United States International Trade Commision Rulings And Harmonized Tariff Schedule
faqs.org  Rulings By Number  Rulings By Category  Tariff Numbers
faqs.org > Rulings and Tariffs Home > Rulings By Number > 1991 HQ Rulings > HQ 0732986 - HQ 0733301 > HQ 0733098

Previous Ruling Next Ruling

HQ 733098

April 16, 1990

MAR-2-05 CO:R:V:C 733098 RSD


Michael O'Neill
O'Neill and Whitaker, Inc.
1809 Baltimore Avenue
Kansas City, Missouri 64108

RE: Country of origin marking of imported binoculars

Dear Mr. O'Neill:

This is in response to your letter of December 8, 1989, requesting a ruling on the country of origin marking of imported binoculars.


Your client, Jason Empire, Inc., (Jason) is an importer of binoculars. You have submitted a copy of a retail blister card used by one of Jason's competitors which indicates the country of origin of its imported binoculars. This retail blister card does not clearly define the country of origin. Instead, it states "Made in the Far East (Japan, Hong Kong, Korea, Taiwan or China)." You request a clarification as to whether this country of origin marking is acceptable. In addition, you also want to know whether it would be acceptable for Jason to indicate that the product contains components made in the U.S. on its country of origin marking.


Is a country of origin marking which states that the product is made in the Far East and lists Japan, Hong Kong, Korea, Taiwan, or China acceptable under 19 U.S.C. 1304?

May the importer include information on its country of origin marking indicating that the product contains U.S. components?


Section 304 of the Tariff Act of 1930, as amended (19 U.S.C. 1304), provides that unless excepted, every article of foreign origin imported into the U.S. shall be marked in a conspicuous place as legibly, indelibly, and permanently as the nature of the article will permit "in such a manner as to indicate to an ultimate purchaser in the United States the English name of the country of origin of the article." The purpose of the marking statute is outlined in United States
v. Friedlaedner & Co., 277 CCPA 297, 302, C.A.D. 104 (1940), in which the court stated: "Congress intended that the ultimate purchaser should be able to know by an inspection of the marking of the imported goods the country of which the goods is the product. The evident purpose is to mark the goods so that at the time of purchase the ultimate purchaser may, by knowing where the goods were produced, be able to buy or refuse to buy them, if such marking should influence his will."

Part 134, Customs Regulations (19 CFR Part 134), implements the country of origin marking requirements and exceptions of 19 U.S.C. 1304. Country of origin is defined by section 134.1(b) of the Customs Regulations (19 CFR 134.1(b)), as "the country of manufacture, production or growth of any article of foreign entering the U.S. Further work or material added to an article in another country must effect a substantial transformation in order to render such other country the 'country of origin'."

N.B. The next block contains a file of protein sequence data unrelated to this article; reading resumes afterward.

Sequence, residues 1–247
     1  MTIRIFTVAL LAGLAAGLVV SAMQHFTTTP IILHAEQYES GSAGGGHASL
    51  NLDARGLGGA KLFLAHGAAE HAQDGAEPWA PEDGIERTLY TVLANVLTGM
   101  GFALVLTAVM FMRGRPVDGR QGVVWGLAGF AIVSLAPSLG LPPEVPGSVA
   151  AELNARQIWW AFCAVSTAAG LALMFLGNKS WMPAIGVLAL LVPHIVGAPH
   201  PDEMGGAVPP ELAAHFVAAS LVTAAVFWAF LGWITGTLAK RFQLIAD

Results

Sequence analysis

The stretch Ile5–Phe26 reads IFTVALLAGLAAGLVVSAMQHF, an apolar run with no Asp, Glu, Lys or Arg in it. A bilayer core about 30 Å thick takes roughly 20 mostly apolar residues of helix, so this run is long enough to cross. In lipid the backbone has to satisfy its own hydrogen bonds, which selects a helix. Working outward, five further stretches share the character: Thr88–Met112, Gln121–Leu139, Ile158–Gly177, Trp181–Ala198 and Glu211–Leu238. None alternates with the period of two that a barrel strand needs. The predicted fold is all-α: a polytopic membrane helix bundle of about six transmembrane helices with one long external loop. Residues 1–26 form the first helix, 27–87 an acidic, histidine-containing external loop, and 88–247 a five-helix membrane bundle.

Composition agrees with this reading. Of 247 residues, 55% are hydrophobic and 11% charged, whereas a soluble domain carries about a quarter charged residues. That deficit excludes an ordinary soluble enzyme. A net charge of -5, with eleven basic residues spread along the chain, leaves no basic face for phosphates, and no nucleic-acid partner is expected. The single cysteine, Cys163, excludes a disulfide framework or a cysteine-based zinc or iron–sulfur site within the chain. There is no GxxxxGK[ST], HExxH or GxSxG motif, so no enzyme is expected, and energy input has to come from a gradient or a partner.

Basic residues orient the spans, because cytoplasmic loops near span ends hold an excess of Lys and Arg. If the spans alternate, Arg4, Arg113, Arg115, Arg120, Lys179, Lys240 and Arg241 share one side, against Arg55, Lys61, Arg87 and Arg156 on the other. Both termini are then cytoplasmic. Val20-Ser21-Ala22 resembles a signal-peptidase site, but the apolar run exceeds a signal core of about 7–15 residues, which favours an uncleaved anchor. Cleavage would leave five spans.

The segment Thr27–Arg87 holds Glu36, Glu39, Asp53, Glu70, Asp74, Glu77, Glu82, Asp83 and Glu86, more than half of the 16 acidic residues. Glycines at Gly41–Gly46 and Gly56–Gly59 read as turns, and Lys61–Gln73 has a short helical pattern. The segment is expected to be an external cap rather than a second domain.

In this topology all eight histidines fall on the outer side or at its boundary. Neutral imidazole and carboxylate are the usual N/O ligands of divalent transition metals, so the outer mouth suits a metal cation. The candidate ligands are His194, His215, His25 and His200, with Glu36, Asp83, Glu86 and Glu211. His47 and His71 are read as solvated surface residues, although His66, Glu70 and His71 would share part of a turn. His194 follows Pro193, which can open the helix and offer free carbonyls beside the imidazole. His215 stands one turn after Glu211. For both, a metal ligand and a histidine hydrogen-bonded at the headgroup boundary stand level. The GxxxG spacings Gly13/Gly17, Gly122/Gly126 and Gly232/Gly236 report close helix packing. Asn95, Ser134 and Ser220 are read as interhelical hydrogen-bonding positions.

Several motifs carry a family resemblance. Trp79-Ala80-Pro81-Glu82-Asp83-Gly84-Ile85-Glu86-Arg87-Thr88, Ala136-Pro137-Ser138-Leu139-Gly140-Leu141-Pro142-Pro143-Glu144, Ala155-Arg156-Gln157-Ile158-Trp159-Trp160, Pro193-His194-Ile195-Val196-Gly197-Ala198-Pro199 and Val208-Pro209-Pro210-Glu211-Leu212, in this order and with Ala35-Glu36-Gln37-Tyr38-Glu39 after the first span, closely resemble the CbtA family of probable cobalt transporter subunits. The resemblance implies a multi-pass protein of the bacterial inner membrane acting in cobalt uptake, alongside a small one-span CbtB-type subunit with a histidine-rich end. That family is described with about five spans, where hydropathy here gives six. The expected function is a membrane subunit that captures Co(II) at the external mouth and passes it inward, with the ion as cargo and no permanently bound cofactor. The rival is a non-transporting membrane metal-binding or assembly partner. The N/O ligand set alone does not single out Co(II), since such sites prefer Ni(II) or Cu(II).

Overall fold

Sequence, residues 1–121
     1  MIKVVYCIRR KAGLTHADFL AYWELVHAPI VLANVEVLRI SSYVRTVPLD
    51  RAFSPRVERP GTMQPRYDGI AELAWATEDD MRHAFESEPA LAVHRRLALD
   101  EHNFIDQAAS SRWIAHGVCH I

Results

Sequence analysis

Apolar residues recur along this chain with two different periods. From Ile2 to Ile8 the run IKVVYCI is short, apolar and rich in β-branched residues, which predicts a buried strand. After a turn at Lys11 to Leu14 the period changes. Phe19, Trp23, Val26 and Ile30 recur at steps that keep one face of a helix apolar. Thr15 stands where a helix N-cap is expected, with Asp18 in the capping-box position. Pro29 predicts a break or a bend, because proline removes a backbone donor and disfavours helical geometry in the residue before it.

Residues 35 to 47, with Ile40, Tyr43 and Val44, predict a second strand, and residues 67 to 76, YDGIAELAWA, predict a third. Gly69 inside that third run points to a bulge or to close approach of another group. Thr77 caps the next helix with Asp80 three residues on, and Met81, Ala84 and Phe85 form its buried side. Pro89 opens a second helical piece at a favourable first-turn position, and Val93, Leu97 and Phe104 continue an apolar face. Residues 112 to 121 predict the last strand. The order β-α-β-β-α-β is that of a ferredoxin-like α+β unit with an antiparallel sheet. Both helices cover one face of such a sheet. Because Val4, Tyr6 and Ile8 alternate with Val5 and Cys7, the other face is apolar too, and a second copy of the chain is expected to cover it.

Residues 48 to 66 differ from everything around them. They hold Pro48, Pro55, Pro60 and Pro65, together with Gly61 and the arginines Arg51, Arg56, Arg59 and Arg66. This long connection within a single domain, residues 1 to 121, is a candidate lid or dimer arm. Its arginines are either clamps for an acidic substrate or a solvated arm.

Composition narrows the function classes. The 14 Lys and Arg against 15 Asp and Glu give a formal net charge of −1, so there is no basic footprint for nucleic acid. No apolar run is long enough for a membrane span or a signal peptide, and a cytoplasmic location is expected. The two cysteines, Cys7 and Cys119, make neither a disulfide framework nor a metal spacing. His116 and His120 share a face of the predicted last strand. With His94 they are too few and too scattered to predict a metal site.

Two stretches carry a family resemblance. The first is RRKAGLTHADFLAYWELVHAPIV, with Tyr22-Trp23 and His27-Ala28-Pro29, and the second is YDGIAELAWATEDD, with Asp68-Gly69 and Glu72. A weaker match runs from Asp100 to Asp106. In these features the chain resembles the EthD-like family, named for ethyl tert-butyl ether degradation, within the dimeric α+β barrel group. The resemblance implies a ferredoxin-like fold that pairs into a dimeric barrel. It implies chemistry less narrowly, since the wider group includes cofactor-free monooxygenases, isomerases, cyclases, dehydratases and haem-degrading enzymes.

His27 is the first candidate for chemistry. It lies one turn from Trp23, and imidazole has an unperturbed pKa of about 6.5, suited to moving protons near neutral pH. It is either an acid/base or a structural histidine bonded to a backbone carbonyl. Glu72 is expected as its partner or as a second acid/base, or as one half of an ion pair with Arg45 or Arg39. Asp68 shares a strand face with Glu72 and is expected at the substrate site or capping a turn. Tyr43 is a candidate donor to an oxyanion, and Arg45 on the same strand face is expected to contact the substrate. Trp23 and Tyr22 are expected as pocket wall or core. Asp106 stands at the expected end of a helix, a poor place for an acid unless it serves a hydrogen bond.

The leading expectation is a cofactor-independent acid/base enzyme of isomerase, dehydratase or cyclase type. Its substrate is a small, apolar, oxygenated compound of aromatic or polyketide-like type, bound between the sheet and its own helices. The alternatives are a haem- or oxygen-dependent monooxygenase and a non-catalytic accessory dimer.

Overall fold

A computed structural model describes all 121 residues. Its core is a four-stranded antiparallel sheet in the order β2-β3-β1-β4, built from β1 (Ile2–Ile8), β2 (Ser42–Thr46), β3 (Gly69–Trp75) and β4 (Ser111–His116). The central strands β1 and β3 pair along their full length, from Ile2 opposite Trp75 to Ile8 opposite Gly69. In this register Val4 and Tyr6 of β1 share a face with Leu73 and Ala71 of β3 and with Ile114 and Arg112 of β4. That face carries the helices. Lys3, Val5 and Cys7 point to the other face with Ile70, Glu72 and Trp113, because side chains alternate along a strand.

Upon examination of the copy of the retail blister card submitted, we find that the country of origin marking on it is unacceptable. Both 19 U.S.C. 1304 and 19 CFR Part 134 require that an article be marked with a specific country of origin. On the blister card no specific country of origin is indicated. Instead, the blister card indicates that the product is made in the "Far East" followed by a list of five countries. "Far East" is not a specific country name and the listing of several countries does not comply with the marking requirements because no one country is mentioned as the country of origin of the product. Accordingly, in order for the country of origin marking to be acceptable, a single country of origin must be indicated on the marking.

Jason may include the fact that its product contains U.S. components in addition to the country of origin marking. However, the marking must still clearly indicate, to the ultimate purchaser, without confusion, the country of origin of the product. Furthermore, the marking should not mislead the ultimate purchaser to believe that there are more U.S. components in the product than it actually contains. If reference is made to the U.S. components, the requirements of section 134.46, Customs Regulations (19 CFR 134.46), would apply (i.e., the county of origin must be preceded by the words "made in", "product of" or words of similar meaning and must appear in close proximity and in comparable size letters to the U.S. reference.


The country of origin marking on the submitted sample blister card is unacceptable because it indicates the product is made in the Far East followed by a list of countries rather than indicating the specific country of origin. Information that the product contains U.S. components may be included along with the country of origin marking as long as it is accurate.


Marvin M. Amernick

Previous Ruling Next Ruling